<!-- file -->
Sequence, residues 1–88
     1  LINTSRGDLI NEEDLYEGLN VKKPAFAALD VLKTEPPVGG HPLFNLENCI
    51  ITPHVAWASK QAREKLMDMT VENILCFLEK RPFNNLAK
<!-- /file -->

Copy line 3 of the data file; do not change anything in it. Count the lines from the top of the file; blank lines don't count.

    51  ITPHVAWASK QAREKLMDMT VENILCFLEK RPFNNLAK